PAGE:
Why Am I Not Achieving My Goals?

Lessons From Talking With Investors

This is is part of my live-learning series! I will be updating this post as I continue through my journey. I apologize for any grammatical errors or incoherent thoughts. This is a practice to help me share things that are valuable without falling apart from the pressure of perfection. 

Why am I not achieving my goals?

In this post, I explore goals that I have achieved or am on track to achieve as well as goals that I am failing to achieve.

I am doing this to provide clarity to myself and hopefully others asking the same question.

Defining My Goals

Here is a sample of some of the goals I am always iterating on and improving. 


Work less on unimportant tasks.

Spend more time where I’m not anxious.

Make $150,000 in personal income.

Find an executive assistant I can trust with my life.

Be more decisive.

To connect more deeply with a community.

To make new real friends.

2023 to 2033

This is in my thirties.

Make a million dollars after-tax in a year. 

Have a child.

Have a second house/accommodation in another city that I love. 

Sell a company.

Create and release a music album.

Run a marathon.

Public Goal Setting

I believe a lot in public goal setting.

It sets intentions. It increases accountability. It helps people understand what goals you are trying to achieve and how they can help. It helps you appropriately prioritize and deprioritize. 

I am currently building a public goal-setting Google sheet here.

Some would find this too vulnerable, scary, embarrassing or revealing. I think a life that you don’t achieve your goals is much more.  

Not Enough Focus

I am doing too many things at once.

Overly Ambitious Goals?

This is a difficult one to work through and why I’ve added a question mark.

For example, one of my goals was to be a millionaire by the time I was 30.

I’ve seen many people and even friends accomplish this goal. 

Growing up, people would say this is overly ambitious and maybe I have a small sample set skewing my perception of achieving this, but I do believe this isn’t impossible and is a good goal to have. Plus, a million dollars is a lot different than when I was growing up. You would need it to buy a small shack in Toronto.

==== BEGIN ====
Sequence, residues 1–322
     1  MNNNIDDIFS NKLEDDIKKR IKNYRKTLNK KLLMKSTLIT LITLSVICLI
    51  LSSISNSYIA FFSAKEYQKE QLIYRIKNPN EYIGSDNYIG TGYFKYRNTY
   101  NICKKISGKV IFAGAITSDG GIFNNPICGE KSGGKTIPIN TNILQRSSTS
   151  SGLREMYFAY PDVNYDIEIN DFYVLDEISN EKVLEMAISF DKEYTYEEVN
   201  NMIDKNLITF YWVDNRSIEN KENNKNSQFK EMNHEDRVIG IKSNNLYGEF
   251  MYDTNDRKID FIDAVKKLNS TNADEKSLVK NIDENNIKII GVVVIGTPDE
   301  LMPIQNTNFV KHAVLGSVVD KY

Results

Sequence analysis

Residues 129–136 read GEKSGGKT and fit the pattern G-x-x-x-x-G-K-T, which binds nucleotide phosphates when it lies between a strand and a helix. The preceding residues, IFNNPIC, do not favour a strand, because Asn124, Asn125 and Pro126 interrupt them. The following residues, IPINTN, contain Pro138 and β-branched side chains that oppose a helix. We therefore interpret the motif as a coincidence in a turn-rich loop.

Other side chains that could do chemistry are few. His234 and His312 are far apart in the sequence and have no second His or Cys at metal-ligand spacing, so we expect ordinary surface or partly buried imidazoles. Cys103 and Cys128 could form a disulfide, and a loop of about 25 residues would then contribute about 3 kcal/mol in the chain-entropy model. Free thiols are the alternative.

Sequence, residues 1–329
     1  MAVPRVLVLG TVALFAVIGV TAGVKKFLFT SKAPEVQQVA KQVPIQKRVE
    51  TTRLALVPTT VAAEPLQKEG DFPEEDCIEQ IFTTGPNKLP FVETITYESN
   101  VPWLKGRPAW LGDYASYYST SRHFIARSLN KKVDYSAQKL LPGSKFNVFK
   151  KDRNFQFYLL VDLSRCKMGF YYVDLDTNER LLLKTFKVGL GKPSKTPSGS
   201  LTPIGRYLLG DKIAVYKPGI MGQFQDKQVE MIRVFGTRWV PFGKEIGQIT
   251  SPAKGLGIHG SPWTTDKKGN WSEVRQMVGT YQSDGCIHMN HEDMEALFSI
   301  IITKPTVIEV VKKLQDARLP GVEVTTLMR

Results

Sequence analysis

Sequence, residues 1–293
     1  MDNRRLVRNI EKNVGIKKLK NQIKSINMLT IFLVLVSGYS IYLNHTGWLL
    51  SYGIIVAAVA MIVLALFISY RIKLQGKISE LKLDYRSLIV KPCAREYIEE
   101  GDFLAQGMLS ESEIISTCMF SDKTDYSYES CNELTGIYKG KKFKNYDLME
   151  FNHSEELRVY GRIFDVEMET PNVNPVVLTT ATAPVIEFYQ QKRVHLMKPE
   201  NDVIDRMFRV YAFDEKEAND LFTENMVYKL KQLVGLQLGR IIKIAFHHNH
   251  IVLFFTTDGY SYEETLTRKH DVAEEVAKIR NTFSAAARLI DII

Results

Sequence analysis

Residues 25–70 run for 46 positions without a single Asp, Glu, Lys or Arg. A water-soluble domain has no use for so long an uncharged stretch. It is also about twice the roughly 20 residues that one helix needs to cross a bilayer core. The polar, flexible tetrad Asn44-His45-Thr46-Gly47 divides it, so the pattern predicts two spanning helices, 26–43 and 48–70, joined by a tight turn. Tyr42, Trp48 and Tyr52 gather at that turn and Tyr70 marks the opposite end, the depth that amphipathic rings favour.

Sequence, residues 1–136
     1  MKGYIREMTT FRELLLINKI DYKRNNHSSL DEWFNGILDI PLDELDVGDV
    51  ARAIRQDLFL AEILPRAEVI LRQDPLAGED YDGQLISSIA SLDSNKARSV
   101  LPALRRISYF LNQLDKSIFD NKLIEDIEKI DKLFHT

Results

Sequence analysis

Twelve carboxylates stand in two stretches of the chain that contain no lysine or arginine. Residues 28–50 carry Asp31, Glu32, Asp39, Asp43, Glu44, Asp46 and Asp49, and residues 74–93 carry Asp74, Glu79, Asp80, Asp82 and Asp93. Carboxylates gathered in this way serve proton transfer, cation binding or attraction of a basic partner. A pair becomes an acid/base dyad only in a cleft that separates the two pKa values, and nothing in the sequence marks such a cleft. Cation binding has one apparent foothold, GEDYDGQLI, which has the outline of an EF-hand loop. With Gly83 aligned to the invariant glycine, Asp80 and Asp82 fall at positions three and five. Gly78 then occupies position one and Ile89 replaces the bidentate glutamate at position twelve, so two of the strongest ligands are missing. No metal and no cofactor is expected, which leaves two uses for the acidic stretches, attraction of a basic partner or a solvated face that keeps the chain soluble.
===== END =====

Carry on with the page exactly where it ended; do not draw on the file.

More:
Lessons From Talking With Investors

Not SMART Goals

The SMART goal framework is used to help guide goal setting. SMART is an acronym that stands for Specific, Measurable, Achievable, Realistic, and Timely.

If you want to learn more about SMART goals this is a good resource.

Even above, most of those goals are not adhering to this framework and in a way that creates risk for achieving them. 

Not Dedicated Enough

It is okay to have ambitious goals but if you do you need to be focused on bringing them to fruition. Although most people would consider me a hard worker, I am not dedicated enough to the specific goals I am laying out. 

This leads me to:

Prioritizing Poorly

Don’t work hard work smart. That’s something that I know is important yet I continue to fail to do.

One of the recent quotes I’ve mentioned that has resonated with me is that it doesn’t matter how hard you paddle it matters what boat you are on. 

It doesn’t matter how hard I try to row (whether personally in life my kayak or professionally the boat at Speak Ai) if I am pointed in the wrong direction, don’t have the support I need, am paddling wrong or whatever other metaphor I could stick in here, I will not achieve my goals. 

Unsure Of Who I Am

This is a feeling I have felt disappear and reappear in my life.

Some days I feel aligned in what I am doing and on the right path and other days I wonder how did I get here? 

I wanted to be a hip-hop artist. I wanted to make music. Here I am at almost 30 years old trying to build a software company. 

Now that I have gone down this path it’s so hard to turn back. I continually try to realign myself and feel happy with the choices that I’ve made that have led me here but I often struggle to do so. 

When you have this existential angst, it often gets in the way of your goals. Or, you turn off a part of your brain that is having that angst and then go through the motions in the life you have built for yourself. 

Content like this is helping me address this. It’s me telling me to cut out the bullshit and address how you are feeling before you let more time go by.

Limited Role Models

This is also important. I find that I am unsure of who I am even trying to pattern myself off of. There are a few people that do stick out to me that I admire and that I think live a life both personally and professionally.  This may seem all over the place but here they are:

J Cole (Hip-Hop Artist)
Clem Delangue (CEO of Hugging Face)
Monika (My partner)

What do I consider a good role model? Someone who is successful personally and professionally who has balance in their life yet is driven, is stable, happy, experimental, curious, surrounded by friends and community (their tribe), knows they have support.